Isn't TikTok about to get sold off? What happens then?

TikTok's Chinese parent company, ByteDance, has been negotiating a deal for weeks in hopes of satisfying the president's national security concerns. If it secures a deal, then the Commerce Department's announcement will be lifted for TikTok. (But not for WeChat.) According to recent reports, a deal is expected to be reached this week. But even if that doesn't happen, this announcement means that TikTok has until Nov. 12 to reach a deal and avoid a true disaster scenario in the U.S.

Where does the deal stand?

Details of the TikTok deal appear to change every hour. The most recent reporting suggests that Oracle will take a minority stake in the company and lead its U.S. operations, hosting and processing U.S. user data. TikTok would also reportedly appoint a U.S. government-approved board of directors, consisting of U.S. citizens and an independent security expert. But what role and ownership stake ByteDance will continue to have remains unclear. President Trump has said he would not be happy about a deal that left ByteDance with majority ownership. But the Commerce Department's timeline gives TikTok plenty of time to reach an agreement.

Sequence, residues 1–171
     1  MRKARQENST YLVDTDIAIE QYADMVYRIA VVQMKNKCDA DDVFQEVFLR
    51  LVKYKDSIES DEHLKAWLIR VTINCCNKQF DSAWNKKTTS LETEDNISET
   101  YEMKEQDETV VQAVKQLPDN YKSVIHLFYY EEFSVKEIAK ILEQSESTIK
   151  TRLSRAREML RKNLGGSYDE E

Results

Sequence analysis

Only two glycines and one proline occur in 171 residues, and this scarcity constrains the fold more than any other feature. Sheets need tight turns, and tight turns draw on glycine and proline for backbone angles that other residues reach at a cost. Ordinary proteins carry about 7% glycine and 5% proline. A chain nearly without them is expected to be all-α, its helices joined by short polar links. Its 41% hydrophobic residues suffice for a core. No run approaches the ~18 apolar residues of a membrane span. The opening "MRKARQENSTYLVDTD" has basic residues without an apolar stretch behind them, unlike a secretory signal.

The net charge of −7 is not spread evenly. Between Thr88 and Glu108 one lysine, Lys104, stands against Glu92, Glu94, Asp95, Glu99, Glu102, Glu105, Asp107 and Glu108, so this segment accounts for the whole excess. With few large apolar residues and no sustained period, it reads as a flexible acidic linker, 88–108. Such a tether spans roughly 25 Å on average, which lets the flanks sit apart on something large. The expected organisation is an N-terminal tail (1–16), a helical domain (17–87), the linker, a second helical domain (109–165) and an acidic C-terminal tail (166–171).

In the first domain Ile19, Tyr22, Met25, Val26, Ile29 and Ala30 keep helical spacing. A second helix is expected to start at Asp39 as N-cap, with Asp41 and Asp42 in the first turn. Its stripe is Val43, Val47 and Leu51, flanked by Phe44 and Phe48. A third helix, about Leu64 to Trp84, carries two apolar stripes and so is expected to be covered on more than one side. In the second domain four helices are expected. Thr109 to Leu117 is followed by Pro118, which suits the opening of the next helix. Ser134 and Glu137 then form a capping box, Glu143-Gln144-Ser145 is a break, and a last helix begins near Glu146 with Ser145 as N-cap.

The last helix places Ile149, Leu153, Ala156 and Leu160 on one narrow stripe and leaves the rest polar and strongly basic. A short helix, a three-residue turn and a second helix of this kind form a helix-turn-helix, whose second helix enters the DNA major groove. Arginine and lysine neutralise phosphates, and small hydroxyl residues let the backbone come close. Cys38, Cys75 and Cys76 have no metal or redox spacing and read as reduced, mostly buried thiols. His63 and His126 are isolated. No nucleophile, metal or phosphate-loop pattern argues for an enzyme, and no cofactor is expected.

Who else will this affect?

The fallout from this announcement won't just affect WeChat, TikTok and their users. It will also have implications for the many other businesses that work with WeChat and TikTok. TikTok, for instance, signed a three-year agreement with Google to purchase $800 million in cloud services last year. Such an agreement would be prohibited after November under the Commerce Department's ruling.